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on December 11, 2011
Great book, bit complex of a read, especially the later chapters. If you invest in the stock market, you MUST read this. You could be throwing away ~50% of your retirement income if you're investing wrong. Investing should take you an hour a year and you shouldn't lose half your returns to managed mutual funds. Trust me, 2% doesn't sound like much... but if you know anything about the power of compounding, it's a word of difference!
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on October 27, 2011
This is the 1 book that every beginning investor and high school student should read. The author shows the average person the 9 rules he or she needs to follow to build wealth steadily and safely. He shows how he did it through self-discipline, index funds and asset allocation. Start young, pay off your debts and invest, invest, invest. The "Opportunity After Chaos" section (page 78) alone is worth the price of the book. I like this book because it was written by a high school English teacher who has "been there and done that", he's a millionaire about 40 years old. This book was not written by a finance / economics professor or a "talking head" in the finance industry or a financial advisor. I couldn't put this book down, and will probably read it again a few more times.
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on April 21, 2016
This book comes highly recommended in the various financial forums on Reddit. I bought it because I was tired of paying high MER's for my mutual funds and wanted to better understand self directed investing. This book is written for a financial idiot like me. After reading this book, it strengthened my resolve to transfer our meager investments into ETF's using a discount brokerage and I couldn't be happier. I then urged my wife to read it and finally, my 14 year old son. My son, after reading this book, was eager to open his own account and begin depositing his meager savings into it. I explained that I would have to open it on his behalf and do his investments on his behalf until he was old enough to take over.

I strongly recommend this book and wish that my parents had taught me more about investing when I was young enough for it to have made a difference.
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on October 11, 2011
Yes indeed, it is about time someone wrote a finance book for adults so that they can have meaningful investment conversations with their children. For some reason, finance is a taboo subject in most families. And it's a real shame, as Andrew Hallam correctly points out, because the time to begin investing is when you're young. And taking advantage of man's 'greatest invention', compound interest, and investing in low-fee Index Funds, means anyone can become wealthy over their lifetime.

Andrew does an excellent job of making complicated concepts easy to understand. He does this by simplifying and demystifying the investment process in an entertaining and enjoyable way. Buying/Reading "Millionaire Teacher" is an excellent investment to make!
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on January 17, 2012
I have read your book cover to cover many times and every time I do I seem to learn something new! Just love it! I feel like a student again! You know you have a good book when the spine is creased and cracked and the the corners of the pages are bent from all the bookmarking. Thanks for all of your insight into Canadian Banks! it is amazing to see how our interests are not looked after and how making money for themselves is always on the agenda.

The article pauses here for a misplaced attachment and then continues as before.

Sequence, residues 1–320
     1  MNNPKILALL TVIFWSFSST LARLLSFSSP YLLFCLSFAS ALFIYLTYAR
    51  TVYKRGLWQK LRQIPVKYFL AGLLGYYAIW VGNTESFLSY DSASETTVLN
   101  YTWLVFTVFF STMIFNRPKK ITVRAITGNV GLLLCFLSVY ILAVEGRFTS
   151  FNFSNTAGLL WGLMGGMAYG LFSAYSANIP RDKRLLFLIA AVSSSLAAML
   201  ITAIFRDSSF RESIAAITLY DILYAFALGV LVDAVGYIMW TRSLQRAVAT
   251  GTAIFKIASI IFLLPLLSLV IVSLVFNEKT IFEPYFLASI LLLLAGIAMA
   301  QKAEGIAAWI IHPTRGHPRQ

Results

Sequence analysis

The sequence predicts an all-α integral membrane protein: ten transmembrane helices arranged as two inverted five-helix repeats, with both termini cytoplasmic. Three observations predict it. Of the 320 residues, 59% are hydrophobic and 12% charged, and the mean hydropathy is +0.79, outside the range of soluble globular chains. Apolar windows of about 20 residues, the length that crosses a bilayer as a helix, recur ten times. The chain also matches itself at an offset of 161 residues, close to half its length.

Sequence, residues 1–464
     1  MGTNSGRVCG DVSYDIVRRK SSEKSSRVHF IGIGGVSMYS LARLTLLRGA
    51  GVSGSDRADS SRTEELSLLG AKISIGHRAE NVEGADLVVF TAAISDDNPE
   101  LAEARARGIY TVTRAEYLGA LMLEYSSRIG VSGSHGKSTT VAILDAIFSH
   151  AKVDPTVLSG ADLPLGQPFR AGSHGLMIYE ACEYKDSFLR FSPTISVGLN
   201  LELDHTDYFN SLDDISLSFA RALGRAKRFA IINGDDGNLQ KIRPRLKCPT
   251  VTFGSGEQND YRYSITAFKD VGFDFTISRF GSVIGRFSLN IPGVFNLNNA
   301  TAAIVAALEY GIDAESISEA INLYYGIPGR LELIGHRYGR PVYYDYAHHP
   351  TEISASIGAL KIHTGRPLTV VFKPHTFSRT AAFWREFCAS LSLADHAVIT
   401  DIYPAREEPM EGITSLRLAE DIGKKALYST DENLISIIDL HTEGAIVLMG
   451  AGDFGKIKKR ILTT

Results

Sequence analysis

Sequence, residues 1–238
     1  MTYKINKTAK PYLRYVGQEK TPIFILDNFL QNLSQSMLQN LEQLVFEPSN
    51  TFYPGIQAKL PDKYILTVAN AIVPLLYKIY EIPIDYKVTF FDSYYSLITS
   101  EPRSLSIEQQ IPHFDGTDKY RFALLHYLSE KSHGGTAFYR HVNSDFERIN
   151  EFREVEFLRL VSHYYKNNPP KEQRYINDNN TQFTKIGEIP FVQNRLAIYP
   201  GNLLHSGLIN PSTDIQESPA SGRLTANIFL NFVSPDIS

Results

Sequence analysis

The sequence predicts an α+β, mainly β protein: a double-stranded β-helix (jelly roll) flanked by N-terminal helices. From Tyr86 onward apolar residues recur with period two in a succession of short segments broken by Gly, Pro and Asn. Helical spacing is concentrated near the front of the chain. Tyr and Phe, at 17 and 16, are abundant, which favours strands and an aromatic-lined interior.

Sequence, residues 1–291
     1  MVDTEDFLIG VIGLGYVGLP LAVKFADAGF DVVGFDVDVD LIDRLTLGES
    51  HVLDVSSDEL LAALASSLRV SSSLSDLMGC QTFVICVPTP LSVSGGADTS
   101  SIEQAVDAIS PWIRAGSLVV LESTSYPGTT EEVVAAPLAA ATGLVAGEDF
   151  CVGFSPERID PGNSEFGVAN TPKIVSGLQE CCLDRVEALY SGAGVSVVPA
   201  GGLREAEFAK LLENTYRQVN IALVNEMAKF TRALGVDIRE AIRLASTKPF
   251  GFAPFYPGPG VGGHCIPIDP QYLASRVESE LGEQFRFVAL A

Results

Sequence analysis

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on November 14, 2011
When my husband and I first decided to become full-time, overseas teachers, most of our colleagues looked at us like we had two heads apiece and exclaimed, 'But what about your pensions?' Fortunately for us, there is Andrew Hallam and this fantastic book. Having followed Andrew's advice and blog for years now, we know his strategy works. His book clearly makes his case for easy, logical investing; his anecdotes, when you're confronted with financial advisors who want your business, resonate with you; his voice engages, like he's sitting in a chair next to you, genuinely wanting to help your portfolio grow, not his. Now, whenever anyone asks us 'But what about your pensions?' we hand them this book.
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on November 21, 2012
The first chapters sounded like common sense. They were not realistic considering that many people have children, emotions and recognize that prestige outweighs long term financial investments. I found a summary that would make the need of purchasing the book ( thus saving your money ) unnecessary :

Rule 1 : Spend like you want to grow rich, which means cultivating
frugality whether buying homes, cars or daily items.

Rule 2 : Take advantage of compound interest by starting investing
as early in life as possible — but only after high-interest debt is
eliminated. (I agree!)

Rule 3 : Pay attention to the negative impact of high fees and thus the case for
indexing: “Small percentages pack big punches.” Here he takes a
skeptical view of the motivations of the financial services industry

Rule 4 : “Conquer the enemy in the mirror.” It looks at the
problems of stock-picking and market timing, fear, greed and other
emotions that can sabotage investing.

Rule 5 : Build a “responsible portfolio” that includes both stocks